Experts warn of an imminent disaster after gold residues mixed with torrents

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The strong torrents that hit last week have raised more than 25 villages in the Nile River State, which are crowded with gold mining sites; Real fears of harmful mining residues mixing with water, which would lead to major health and environmental disasters.
More than 5,000 families were lost in those villages; Shelter in very dangerous sanitary conditions and a great shortage of drinking water.

Meanwhile, experts indicated, according to (Sky News Arabia), that the danger resulting from the possible mixing of torrential water with harmful gold mining residues and materials will lead to health and environmental disasters that are difficult to control.

The consultant for environmental care and development sustainability and professor at the University of Khartoum, Issa Mohamed Abdel Latif, confirmed that the waste and materials from gold mining pollute the environment, as 99.9% of the aggregate from which gold is extracted turns into waste.
Abdel Latif explained to (Sky News Arabia), that when it rains and the valleys wash away mercury residues into rivers, drinking and irrigation waters are directly contaminated with mercury, cyanide and other mining residues.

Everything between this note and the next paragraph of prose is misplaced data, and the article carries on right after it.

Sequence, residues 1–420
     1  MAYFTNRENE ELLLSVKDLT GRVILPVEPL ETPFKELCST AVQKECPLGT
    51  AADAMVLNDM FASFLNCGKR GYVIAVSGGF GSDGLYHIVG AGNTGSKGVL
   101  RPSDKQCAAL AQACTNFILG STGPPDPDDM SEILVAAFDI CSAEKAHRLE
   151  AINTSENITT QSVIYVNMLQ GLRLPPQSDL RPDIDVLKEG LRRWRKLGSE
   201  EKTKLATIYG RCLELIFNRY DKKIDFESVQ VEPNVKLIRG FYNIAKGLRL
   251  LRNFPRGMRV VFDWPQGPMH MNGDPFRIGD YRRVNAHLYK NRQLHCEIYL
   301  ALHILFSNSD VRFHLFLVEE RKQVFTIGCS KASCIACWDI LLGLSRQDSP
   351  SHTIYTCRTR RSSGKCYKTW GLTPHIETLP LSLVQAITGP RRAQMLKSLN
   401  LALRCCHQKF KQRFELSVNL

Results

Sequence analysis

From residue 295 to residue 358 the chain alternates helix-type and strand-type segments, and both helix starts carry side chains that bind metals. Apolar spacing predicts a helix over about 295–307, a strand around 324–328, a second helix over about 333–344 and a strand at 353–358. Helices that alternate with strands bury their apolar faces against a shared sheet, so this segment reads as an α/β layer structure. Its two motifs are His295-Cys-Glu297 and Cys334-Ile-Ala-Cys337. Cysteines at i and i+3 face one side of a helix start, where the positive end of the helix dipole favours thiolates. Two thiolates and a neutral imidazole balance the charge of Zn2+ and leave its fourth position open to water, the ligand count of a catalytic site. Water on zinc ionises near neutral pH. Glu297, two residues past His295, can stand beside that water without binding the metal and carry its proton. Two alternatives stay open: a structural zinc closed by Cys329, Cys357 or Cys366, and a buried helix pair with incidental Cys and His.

According to Abdel Latif, water streams are often polluted with cyanide and toxic chemicals, which increases the risk of their infiltration into the soil and groundwater, which poses a direct threat to human life and the biological diversity of wildlife.

Water and microorganisms that play an important role in maintaining the ecological balance and the productivity of the natural resources on which the country depends for food and water security, such as forests, pastures, agricultural crops, livestock and fisheries.

In the same context; Tsheer Hanan Al-Amin Muddathir, Environmental and Water Systems Consultant; To the weak government commitment to agreed global standards regarding the safe use of mercury, cyanide and other chemicals in mining areas despite Sudan’s signing of the “Minamata” global agreement on mercury, which entered into force in August 2017.

Khartoum (Kush News)


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